Maps have always existed. There may not be physical evidence of its existence, but mind maps have been created since the dawn of time. A simple thought of remembering in which direction you need to travel can be considered a map of some sort. As the human mind has evolved and developed, so have the techniques for map making. A map can be used to represent an infinite number of subjects – Babylonians were fascinated by the concept of Heaven and Earth and created one of the first town plans that is still in existence, of Nippur in what is now Iraq, dating back to about 1500 BC. Carved on a small tablet, the town walls and waterways can be considered drawn to a consistent scale. Seven town gates are shown and named, as are two temples (one dedicated to the Sumerian god Enlil) which are all represented in a very simplistic manner but the map itself is overwhelming in its success to embody it’s subject.
The development of geographically accurate maps, maps which depict the exact location and physical description of coastlines, mountain ranges, roadways, rivers, and towns, for example, was wholly dependent on the development of scientific resources, correct ideas and key mathematical concepts and skill. Guesswork, successive misunderstandings, second hand information, personal perspective, bias and interpretation all contributed to the scarcity of geographically accurate maps before the twentieth century and still many early maps depict features that are not only entirely imagined but also key features in the entirely wrong place. Most people today could not even name the position of many countries with a fully complete Atlas in front of them, let alone draw an accurate outline of a country, off the top of their heads. Lands discovered by the new world changed and adapted, and scientific discovery was key in identifying the concept of our exact position in the universe – the equator, equal distance between both poles, is an invisible line, but it exists.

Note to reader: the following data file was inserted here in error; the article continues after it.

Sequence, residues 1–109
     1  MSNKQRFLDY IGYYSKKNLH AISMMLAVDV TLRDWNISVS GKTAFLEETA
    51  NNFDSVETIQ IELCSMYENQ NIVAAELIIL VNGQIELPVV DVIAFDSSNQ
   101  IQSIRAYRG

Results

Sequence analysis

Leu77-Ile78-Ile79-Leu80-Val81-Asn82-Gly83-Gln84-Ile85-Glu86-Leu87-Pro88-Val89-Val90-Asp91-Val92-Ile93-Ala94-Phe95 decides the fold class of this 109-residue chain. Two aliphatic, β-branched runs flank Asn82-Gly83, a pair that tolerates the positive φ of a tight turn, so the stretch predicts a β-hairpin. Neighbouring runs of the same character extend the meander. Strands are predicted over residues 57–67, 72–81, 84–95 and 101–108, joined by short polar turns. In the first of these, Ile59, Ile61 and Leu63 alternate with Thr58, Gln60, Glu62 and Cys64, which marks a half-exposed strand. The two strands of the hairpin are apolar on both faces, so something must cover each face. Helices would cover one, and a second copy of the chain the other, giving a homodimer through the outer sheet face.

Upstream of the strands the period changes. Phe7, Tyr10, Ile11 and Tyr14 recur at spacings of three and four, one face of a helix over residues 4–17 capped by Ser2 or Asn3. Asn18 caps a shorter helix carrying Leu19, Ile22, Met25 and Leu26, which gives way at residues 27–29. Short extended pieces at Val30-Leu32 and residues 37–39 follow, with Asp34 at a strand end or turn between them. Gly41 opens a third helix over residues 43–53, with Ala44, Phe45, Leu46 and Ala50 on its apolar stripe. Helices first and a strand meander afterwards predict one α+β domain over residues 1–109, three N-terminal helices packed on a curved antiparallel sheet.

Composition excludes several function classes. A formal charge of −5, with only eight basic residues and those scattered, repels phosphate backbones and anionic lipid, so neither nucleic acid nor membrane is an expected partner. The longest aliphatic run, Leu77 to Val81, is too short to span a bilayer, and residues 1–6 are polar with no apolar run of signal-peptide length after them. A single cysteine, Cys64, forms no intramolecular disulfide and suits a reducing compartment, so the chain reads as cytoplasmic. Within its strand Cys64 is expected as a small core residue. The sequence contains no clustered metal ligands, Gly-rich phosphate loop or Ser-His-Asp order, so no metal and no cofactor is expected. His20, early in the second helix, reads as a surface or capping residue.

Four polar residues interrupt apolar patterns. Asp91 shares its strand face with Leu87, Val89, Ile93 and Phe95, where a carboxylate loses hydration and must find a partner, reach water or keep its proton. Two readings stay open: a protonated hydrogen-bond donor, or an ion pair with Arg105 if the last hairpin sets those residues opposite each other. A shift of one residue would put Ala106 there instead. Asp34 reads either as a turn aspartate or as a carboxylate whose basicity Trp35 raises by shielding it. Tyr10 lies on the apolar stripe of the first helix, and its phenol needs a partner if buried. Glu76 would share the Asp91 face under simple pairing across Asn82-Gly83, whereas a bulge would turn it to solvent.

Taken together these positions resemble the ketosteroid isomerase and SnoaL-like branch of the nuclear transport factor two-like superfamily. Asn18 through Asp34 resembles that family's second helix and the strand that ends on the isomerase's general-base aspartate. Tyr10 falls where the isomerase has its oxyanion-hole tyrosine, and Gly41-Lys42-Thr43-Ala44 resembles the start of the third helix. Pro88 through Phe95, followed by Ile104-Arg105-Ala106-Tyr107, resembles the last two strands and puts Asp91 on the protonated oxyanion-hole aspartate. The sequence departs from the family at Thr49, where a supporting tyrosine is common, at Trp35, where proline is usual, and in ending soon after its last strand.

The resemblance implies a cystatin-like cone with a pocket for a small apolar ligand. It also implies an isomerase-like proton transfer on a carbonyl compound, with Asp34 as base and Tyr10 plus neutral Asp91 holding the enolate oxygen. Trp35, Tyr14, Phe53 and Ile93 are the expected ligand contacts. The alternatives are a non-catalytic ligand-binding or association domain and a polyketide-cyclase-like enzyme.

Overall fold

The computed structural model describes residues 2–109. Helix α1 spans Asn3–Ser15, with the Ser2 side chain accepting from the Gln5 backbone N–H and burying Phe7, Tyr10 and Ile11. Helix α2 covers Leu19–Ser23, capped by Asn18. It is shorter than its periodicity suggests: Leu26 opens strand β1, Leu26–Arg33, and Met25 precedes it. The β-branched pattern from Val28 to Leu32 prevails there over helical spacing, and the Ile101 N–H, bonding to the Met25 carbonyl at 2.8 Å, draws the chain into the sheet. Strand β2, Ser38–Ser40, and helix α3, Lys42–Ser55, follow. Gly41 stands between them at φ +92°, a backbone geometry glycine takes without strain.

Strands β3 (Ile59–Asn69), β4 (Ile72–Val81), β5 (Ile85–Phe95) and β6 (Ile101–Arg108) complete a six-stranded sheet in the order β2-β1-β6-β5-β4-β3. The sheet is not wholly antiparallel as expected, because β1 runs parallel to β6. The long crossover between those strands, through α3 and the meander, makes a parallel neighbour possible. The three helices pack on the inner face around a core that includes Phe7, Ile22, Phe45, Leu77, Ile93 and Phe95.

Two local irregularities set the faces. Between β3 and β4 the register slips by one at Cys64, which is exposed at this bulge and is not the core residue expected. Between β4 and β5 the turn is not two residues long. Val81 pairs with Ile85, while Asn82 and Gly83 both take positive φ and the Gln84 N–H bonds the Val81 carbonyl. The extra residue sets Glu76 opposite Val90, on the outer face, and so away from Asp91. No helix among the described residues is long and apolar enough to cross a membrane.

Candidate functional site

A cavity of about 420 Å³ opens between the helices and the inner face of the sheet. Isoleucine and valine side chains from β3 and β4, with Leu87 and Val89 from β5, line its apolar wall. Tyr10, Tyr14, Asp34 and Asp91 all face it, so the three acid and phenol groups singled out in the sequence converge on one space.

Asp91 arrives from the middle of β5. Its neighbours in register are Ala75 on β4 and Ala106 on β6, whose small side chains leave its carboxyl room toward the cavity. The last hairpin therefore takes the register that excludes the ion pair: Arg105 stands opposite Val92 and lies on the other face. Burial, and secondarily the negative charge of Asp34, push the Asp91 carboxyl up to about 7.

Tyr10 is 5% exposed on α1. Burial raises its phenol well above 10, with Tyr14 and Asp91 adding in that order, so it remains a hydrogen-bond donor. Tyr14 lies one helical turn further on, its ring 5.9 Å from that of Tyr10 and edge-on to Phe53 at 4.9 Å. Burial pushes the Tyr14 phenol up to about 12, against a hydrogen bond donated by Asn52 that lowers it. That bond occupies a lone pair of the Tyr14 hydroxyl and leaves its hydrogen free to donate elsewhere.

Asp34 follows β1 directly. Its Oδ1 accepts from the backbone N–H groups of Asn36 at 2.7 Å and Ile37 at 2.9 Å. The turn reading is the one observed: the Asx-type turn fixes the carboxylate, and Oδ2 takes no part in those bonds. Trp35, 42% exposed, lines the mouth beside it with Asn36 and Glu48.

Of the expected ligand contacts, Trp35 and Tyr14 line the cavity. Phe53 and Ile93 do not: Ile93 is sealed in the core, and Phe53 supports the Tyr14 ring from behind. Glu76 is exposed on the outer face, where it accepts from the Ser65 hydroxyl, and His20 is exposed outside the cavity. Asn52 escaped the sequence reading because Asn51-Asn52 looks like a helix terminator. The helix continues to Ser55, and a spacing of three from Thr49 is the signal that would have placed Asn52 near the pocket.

This map of Africa, published in 1854 by Scottish based cartographical company Gall & Inglis, is interesting as it shows that the interior of Africa was almost entirely unknown as late as the 19th century. Only the coastlines, harbours and west of the Sahara are a realistically represented – the rest simply labelled ‘Region Unexplored’. During the sixteenth century, the Portuguese became the leading European chart makers because they were the first European nation to build ships strong enough to sail around Africa to the Indian Ocean. Information for the facilitation of trade was important, therefore the accurate mapping of coasts and harbours, but it was unnecessary, and highly dangerous, for Europeans to travel further in land. Second hand knowledge made it possible for the rough sketching of important landmarks, for example, but it was very difficult to gain scientifically accurate information about the continent until talented explorers, geographers and scientists, such as Dr Livingstone, observed the unchartered lands in the later part of the 19th century, and bought back surveys, drawings and major revelations to Britain – such as the sight of Victoria Falls, one of the most spectacular waterfalls in the world with a height of more than 100 metres. Before the first-hand observations of these talented scientists, much of the interior detail is often imaginary. Relaying of information relied solely on spoken word, written accounts and handmade charts.